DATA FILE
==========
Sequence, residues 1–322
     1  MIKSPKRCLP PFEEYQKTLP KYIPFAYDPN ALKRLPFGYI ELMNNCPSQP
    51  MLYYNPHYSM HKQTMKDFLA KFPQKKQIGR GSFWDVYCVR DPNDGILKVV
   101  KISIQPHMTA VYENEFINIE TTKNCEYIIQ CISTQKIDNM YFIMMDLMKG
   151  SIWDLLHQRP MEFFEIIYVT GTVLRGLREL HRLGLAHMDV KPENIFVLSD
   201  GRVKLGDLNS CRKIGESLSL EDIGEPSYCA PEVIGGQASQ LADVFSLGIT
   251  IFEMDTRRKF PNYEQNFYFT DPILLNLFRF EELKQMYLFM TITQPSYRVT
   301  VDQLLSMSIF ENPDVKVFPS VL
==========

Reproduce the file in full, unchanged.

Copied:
Sequence, residues 1–322
     1  MIKSPKRCLP PFEEYQKTLP KYIPFAYDPN ALKRLPFGYI ELMNNCPSQP
    51  MLYYNPHYSM HKQTMKDFLA KFPQKKQIGR GSFWDVYCVR DPNDGILKVV
   101  KISIQPHMTA VYENEFINIE TTKNCEYIIQ CISTQKIDNM YFIMMDLMKG
   151  SIWDLLHQRP MEFFEIIYVT GTVLRGLREL HRLGLAHMDV KPENIFVLSD
   201  GRVKLGDLNS CRKIGESLSL EDIGEPSYCA PEVIGGQASQ LADVFSLGIT
   251  IFEMDTRRKF PNYEQNFYFT DPILLNLFRF EELKQMYLFM TITQPSYRVT
   301  VDQLLSMSIF ENPDVKVFPS VL